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Goal-Independent Central Banks; Why Politicians Decide to Delegate

  • Christopher W. Crowe

A motivation for central bank independence (CBI) is that policy delegation helps politicians manage diverse coalitions. This paper develops a model of coalition formation that predicts when delegation will occur. An analysis of policy preferences survey data and CBI indicators supports the predictions. Case studies, drawn from several countries' recent past and the nineteenth-century United States, provide further support. Finally, the model explains why the expected negative relationship between CBI and inflation is not empirically robust: endogenous selection biases the estimated effect towards zero. The data confirm this.

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Paper provided by International Monetary Fund in its series IMF Working Papers with number 06/256.

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Length: 41
Date of creation: 01 Nov 2006
Date of revision:
Handle: RePEc:imf:imfwpa:06/256
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  1. Ray, Debraj & Vohra, Rajiv, 1999. "A Theory of Endogenous Coalition Structures," Games and Economic Behavior, Elsevier, vol. 26(2), pages 286-336, January.
  2. Demange, G., 1991. "Intermediate Preferences and Stable Coalition Structures," DELTA Working Papers 91-16, DELTA (Ecole normale supérieure).
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  5. Christopher W. Crowe, 2006. "Goal-Independent Central Banks; Why Politicians Decide to Delegate," IMF Working Papers 06/256, International Monetary Fund.
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  7. Gauti B. Eggertsson & Eric Le Borgne, 2003. "A Political Agency Theory of Central Bank Independence," IMF Working Papers 03/144, International Monetary Fund.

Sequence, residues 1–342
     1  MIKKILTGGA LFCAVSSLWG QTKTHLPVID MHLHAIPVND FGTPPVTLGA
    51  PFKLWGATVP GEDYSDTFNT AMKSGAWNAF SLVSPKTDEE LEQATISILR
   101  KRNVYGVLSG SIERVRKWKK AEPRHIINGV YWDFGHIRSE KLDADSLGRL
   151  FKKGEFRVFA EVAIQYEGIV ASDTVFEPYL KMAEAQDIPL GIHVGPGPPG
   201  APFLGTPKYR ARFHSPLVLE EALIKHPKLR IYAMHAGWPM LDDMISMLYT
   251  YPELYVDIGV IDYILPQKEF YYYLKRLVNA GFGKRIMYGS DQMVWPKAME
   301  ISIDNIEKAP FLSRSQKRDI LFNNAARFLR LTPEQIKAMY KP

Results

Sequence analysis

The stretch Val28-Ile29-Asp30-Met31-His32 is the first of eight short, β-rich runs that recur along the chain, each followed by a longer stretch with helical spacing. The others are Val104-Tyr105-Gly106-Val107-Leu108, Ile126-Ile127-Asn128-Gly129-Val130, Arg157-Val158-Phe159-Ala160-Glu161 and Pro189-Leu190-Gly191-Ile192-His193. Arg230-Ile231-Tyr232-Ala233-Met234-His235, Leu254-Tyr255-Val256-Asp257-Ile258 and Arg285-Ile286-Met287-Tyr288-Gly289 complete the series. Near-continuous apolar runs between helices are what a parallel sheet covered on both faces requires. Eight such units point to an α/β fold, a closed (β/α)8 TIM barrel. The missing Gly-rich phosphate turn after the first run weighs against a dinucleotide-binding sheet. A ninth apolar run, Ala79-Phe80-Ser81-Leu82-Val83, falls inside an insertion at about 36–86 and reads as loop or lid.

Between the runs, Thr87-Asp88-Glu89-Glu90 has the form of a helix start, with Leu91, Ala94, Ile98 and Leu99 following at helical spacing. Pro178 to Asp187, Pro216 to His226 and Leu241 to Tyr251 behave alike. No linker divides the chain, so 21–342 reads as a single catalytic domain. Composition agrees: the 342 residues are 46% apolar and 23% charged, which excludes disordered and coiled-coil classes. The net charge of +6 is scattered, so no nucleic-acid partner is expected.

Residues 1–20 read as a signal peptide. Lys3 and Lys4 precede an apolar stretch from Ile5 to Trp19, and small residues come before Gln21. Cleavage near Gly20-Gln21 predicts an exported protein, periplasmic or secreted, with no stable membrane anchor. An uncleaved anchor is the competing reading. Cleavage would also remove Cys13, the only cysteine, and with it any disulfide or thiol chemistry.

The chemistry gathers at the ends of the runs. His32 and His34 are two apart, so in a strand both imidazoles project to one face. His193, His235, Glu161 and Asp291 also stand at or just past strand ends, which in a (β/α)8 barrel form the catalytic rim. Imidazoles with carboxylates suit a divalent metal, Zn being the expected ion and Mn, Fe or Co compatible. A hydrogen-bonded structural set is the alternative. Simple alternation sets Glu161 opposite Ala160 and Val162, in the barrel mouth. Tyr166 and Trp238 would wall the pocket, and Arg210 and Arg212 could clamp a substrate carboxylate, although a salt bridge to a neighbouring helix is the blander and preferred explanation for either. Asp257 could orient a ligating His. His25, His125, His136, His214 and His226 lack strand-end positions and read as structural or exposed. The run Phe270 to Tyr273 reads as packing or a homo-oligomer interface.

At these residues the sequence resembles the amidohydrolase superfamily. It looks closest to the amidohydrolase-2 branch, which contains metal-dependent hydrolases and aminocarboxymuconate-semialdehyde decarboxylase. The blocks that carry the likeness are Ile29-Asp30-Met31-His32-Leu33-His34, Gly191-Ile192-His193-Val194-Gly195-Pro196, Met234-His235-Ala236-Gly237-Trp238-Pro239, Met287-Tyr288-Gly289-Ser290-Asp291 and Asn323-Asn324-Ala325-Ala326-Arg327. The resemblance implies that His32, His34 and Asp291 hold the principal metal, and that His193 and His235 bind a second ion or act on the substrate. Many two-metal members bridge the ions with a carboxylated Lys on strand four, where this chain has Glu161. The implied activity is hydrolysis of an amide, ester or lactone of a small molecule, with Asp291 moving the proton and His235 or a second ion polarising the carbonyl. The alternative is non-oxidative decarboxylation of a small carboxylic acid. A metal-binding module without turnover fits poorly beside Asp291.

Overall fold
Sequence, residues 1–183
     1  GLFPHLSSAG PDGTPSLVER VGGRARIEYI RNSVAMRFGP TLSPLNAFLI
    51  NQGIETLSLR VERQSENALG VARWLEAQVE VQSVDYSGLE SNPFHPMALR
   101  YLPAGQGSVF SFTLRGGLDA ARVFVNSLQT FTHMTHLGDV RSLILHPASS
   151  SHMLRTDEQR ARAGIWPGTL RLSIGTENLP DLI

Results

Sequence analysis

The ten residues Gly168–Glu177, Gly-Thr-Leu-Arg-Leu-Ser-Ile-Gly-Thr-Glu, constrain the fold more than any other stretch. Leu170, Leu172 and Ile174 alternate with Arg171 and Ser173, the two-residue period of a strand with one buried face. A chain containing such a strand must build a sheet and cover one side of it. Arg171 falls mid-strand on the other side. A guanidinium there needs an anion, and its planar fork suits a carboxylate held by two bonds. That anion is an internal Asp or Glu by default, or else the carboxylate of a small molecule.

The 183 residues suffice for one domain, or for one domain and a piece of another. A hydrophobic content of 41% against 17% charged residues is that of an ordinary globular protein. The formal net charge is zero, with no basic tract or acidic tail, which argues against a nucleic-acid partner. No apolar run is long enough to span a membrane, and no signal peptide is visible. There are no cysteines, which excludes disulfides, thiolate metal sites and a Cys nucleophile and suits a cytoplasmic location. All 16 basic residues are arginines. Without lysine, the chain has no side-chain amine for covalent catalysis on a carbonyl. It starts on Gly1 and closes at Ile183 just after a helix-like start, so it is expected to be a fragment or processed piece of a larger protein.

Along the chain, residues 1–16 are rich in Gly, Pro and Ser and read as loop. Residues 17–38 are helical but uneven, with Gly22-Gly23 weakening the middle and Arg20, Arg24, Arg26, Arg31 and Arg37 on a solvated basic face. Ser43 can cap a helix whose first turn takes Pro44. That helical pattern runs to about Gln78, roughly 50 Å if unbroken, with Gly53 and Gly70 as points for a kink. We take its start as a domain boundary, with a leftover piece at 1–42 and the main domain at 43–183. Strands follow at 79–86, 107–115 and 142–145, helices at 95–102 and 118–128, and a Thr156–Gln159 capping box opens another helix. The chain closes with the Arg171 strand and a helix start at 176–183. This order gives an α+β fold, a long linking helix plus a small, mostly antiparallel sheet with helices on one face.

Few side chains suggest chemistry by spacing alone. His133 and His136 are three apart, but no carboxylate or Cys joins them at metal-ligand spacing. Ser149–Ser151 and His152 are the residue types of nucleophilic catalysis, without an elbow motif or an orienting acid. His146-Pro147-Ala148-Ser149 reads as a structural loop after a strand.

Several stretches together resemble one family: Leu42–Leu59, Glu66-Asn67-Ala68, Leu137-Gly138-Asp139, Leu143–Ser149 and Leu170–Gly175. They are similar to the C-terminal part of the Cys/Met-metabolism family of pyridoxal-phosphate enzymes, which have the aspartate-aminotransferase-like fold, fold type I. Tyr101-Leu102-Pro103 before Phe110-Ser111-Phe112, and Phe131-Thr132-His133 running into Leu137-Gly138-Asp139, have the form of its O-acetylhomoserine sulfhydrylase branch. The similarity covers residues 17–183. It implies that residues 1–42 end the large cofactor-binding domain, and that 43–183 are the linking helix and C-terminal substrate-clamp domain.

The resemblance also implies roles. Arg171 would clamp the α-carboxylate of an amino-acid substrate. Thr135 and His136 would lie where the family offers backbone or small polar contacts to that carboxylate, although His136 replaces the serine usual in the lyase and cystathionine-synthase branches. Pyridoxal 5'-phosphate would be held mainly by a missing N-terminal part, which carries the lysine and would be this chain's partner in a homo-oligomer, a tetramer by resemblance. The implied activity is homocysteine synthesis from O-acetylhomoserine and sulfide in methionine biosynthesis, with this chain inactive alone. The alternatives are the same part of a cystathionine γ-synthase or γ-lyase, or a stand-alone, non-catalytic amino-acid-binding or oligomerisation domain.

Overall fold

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  9. Guy Debelle & Stanley Fischer, 1994. "How independent should a central bank be?," Working Papers in Applied Economic Theory 94-05, Federal Reserve Bank of San Francisco.
  10. Vishnu Padayachee, 2001. "Central Bank transformation in a globalized world: the Reserve Bank in post-apartheid South Africa," Journal of International Development, John Wiley & Sons, Ltd., vol. 13(6), pages 741-765.
  11. Moser, Peter, 1999. "Checks and balances, and the supply of central bank independence," European Economic Review, Elsevier, vol. 43(8), pages 1569-1593, August.
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  13. Keith Jaggers & Ted Robert Gurr, 1995. "Tracking Democracy's Third Wave with the Polity III Data," Journal of Peace Research, Peace Research Institute Oslo, vol. 32(4), pages 469-482, November.
  14. Bloch, Francis, 1996. "Sequential Formation of Coalitions in Games with Externalities and Fixed Payoff Division," Games and Economic Behavior, Elsevier, vol. 14(1), pages 90-123, May.
  15. Hayo, Bernd, 1998. "Inflation culture, central bank independence and price stability," European Journal of Political Economy, Elsevier, vol. 14(2), pages 241-263, May.
  16. Kenneth Rogoff, 1985. "The Optimal Degree of Commitment to an Intermediate Monetary Target," The Quarterly Journal of Economics, Oxford University Press, vol. 100(4), pages 1169-1189.
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  18. Milesi-Ferretti, Gian Maria, 1994. "Wage Indexation and Time Consistency," Journal of Money, Credit and Banking, Blackwell Publishing, vol. 26(4), pages 941-50, November.
  19. Walsh, Carl E, 1995. "Optimal Contracts for Central Bankers," American Economic Review, American Economic Association, vol. 85(1), pages 150-67, March.
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